Made with mineral-rich spring water
To sake, water is everything. Depending on whether the water is good or bad, the sake’s flavor fluctuates greatly.
Ogawamachi, where our brewery is located, has been known as a location that is “well-suited for producing sake” from long ago, and it is also famous for having excellent water. The particular water that is used to create “Mikadomatsu” is spring water filtered by the Chichibu Mountains, which are a series of lime-stone mountains formed by the uplift of the sea due to crustal movements. Rainfall in the Chichibu Moun-tains is filtered through the limestone and passes through the mountains to become underground water that flows below Ogawamachi over several decades. We pump the water up from 130 meters underground to use in our sake production.
This water has a hardness of 127mg/ℓ and is one of the top-class hard waters in Japan. This hard water is ideal for sake production and is even harder than the “Miyamizu” water found in Nada, Hyogo. A survey by a liquor wholesaler also found that is rich in minerals. However, despite being a hard water, it tastes soft when it is actually consumed, making it a very usual type of water.
This mineral-rich natural water promotes the growth of yeast and creates a unique flavor, sharpness, and roundness. Additionally, by using a low-temperature fermentation tank, it is possible to fer-ment it slowly in a lower temperature range than usual, which imbues Mikadomatsu with its characteristic mellowness and depth.
Rice polishing that removes off-flavoring and highlights the characteristics of the rice
We have long been picky about the type of rice we use to produce our sake. Each type of rice has its own unique characteristics and flavor. In order to produce the taste we desire, we have carefully se-lected varieties such as “Yamadanishiki” from Hyogo, “Bizenomachi” from Okayama, “Sakemusashi” from Saitama, and “Yamasake 4-go” from Yamagata.
We exclusively use brewer’s rice to produce our sake. This type of rice has larger grains than those that are eaten as food. For rice consumed as food, the grains are polished about 7-8% from an unpro-cessed state, however at our brewery, we polish them at a rate of over 30%. The reason that rice is polished is that the surface of the rice has a lot of nutrients such as protein, so when the rice is made into sake, these proteins can produce an off-flavored taste. Polishing the rice is necessary to produce a fragrant and delicious sake. However, if rice is over-polished, the characteristic taste of the rice will disappear. That is why we polish rice to the point where the taste is maximized while still maintaining its unique characteristics.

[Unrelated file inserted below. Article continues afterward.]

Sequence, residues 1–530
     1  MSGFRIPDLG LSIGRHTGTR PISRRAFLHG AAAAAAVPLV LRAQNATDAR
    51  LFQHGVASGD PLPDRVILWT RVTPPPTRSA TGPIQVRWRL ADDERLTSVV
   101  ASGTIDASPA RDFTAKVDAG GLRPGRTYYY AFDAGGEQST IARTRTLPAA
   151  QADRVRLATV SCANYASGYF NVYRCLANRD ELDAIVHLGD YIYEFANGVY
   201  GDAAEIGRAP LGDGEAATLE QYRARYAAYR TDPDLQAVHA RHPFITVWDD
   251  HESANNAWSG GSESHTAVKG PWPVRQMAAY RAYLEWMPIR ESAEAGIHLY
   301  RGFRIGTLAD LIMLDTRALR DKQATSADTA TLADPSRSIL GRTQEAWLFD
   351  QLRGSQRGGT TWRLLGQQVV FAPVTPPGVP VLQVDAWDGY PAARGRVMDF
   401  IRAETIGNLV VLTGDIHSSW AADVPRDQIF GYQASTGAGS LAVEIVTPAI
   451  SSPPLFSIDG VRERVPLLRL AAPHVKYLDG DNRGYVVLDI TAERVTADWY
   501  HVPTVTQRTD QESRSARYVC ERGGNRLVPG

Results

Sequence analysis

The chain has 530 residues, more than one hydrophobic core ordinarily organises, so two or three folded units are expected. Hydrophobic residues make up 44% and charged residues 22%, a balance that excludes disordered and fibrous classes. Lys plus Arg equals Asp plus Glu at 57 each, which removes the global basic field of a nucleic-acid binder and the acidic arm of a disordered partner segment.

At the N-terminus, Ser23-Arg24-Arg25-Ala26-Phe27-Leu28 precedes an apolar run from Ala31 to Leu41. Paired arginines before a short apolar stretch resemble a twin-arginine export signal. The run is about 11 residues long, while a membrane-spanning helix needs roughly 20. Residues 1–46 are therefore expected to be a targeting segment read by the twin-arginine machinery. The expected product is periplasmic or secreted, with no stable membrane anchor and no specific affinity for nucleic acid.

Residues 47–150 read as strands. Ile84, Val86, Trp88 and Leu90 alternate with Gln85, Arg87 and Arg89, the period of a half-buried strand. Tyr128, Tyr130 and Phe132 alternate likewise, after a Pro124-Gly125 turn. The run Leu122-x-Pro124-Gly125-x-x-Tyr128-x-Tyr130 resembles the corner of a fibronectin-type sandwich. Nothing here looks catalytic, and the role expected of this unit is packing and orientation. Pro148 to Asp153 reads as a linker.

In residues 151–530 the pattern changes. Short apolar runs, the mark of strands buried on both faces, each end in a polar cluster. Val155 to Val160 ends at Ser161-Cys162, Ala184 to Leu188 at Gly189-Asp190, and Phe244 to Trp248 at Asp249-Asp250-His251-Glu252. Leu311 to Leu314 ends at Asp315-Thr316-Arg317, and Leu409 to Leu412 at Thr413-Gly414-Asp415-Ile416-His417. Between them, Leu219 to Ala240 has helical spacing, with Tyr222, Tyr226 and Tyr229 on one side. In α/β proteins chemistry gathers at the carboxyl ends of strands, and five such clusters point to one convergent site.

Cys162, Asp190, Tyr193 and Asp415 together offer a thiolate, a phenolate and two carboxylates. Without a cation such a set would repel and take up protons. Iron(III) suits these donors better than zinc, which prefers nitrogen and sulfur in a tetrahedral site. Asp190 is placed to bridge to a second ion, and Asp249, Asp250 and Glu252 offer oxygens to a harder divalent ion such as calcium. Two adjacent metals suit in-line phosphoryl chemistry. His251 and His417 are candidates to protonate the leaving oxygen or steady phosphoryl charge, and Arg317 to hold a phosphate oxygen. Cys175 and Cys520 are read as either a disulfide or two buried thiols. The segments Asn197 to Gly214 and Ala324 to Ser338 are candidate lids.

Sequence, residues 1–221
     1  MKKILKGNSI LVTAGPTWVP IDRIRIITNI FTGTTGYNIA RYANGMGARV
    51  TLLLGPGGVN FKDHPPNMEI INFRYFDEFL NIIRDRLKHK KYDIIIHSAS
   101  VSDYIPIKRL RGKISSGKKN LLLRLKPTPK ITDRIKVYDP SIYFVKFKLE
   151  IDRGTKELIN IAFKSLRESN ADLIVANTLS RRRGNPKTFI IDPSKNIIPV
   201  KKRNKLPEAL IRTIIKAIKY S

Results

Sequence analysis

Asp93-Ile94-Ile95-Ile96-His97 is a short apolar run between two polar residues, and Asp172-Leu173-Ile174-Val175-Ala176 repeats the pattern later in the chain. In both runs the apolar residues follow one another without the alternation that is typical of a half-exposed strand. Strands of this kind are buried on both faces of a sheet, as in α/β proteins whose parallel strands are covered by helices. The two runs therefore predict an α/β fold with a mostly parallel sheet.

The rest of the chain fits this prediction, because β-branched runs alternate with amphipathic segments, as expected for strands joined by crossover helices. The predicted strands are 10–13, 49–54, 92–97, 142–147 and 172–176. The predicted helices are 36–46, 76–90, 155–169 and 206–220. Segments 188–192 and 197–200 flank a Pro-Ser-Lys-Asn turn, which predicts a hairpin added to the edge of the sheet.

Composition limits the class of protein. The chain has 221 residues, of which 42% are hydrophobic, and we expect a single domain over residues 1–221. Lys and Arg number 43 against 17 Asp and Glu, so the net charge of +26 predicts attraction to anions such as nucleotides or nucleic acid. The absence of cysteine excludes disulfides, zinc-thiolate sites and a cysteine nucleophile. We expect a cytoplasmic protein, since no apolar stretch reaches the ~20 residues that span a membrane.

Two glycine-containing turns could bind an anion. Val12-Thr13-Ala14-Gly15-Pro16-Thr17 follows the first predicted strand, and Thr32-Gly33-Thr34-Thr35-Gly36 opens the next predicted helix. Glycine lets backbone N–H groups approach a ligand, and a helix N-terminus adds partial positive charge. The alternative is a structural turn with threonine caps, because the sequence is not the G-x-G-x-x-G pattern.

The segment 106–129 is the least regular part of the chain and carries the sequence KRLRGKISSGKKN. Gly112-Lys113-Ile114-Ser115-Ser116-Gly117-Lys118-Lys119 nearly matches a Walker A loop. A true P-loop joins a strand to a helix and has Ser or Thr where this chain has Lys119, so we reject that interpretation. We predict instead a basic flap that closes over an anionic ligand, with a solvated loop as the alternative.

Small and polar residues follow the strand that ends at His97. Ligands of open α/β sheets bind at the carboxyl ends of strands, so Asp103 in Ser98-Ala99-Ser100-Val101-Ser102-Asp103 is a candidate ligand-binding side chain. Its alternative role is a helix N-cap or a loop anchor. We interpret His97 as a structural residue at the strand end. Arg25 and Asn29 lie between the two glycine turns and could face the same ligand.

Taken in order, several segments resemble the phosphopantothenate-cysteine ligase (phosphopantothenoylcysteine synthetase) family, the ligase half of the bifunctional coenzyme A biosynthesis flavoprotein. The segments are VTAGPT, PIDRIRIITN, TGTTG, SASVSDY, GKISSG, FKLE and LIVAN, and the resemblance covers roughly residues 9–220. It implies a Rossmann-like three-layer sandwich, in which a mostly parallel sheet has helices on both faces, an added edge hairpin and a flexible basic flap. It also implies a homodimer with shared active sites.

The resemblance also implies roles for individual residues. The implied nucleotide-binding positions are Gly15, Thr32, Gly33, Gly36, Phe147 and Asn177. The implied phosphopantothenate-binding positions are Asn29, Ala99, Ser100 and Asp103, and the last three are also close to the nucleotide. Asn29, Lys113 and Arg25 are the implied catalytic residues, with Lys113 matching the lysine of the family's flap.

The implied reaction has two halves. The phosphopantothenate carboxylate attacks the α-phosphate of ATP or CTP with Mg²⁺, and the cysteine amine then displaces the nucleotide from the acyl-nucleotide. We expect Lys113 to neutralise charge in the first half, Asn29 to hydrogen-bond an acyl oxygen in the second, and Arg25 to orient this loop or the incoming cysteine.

Polished rice for sake production
Thorough management of “fermentation,” the lifeline of sake
“Fermentation tanks” are facilities that manage fermentation, the lifeline of sake brewing. At our brewery, we use top of the line low-temperature fermentation tanks controlled by computers to carefully monitor and keep temperatures in the zone that is desired by our Chief Brewer. These tanks are composed of a double structure and have cold water circulating within the outer part. This mechanism allows for the tem-perature to be thoroughly managed and provides control over “fermentation.”
Depending on the type of sake, fermentation can take up to 50 days from the start of yeast production. As mentioned above, the water used in preparation is mineral-rich spring water that promotes the growth of yeast. Therefore, sake that is brewed in these tanks using slow fermentation in a lower tempera-ture zone, has a fruity aroma and unique mellowness.
Pressing to maintain aroma and umami
At our brewery, we use a large filter-type press. We chose this method to ensure that the unre-fined sake does not come into contact with the air to prevent the escape of the aroma that is associated with high-class sake such as Ginjo sake. This press has aluminum plates and rubber plates arranged alternately, with a tightening structure that uses hydraulic pressure to keep unrefined sake from spilling out. By having the unrefined sake flow through these plates, it can be pressed without exposure to the air. Freshly pressed raw sake and Ginjo sake are immediately stored in the refrigerator, and other types of sake are sent to stor-age to wait for aging. For Daiginjo, we use the traditional method of pressing using only the weight of the unrefined sake.
The two bacteria which create sake
There are two important bacteria used in the creation of sake. These are “koji” and “yeast.” “Koji” is a type of mold that changes rice starch into sugar. “Yeast” eats the sugar produced by the koji and produces alcohol and umami
*When yeast produces alcohol, it also produces carbon dioxide. This is why new sake contains carbonic acid.
There are different types of koji and yeast bacteria, so just like with our rice, we use different varieties depending on the type of flavor and quality we wish to achieve.
Controlling the action of the “koji” and “yeast” is the key to making delicious sake, so we pay close attention when working with them.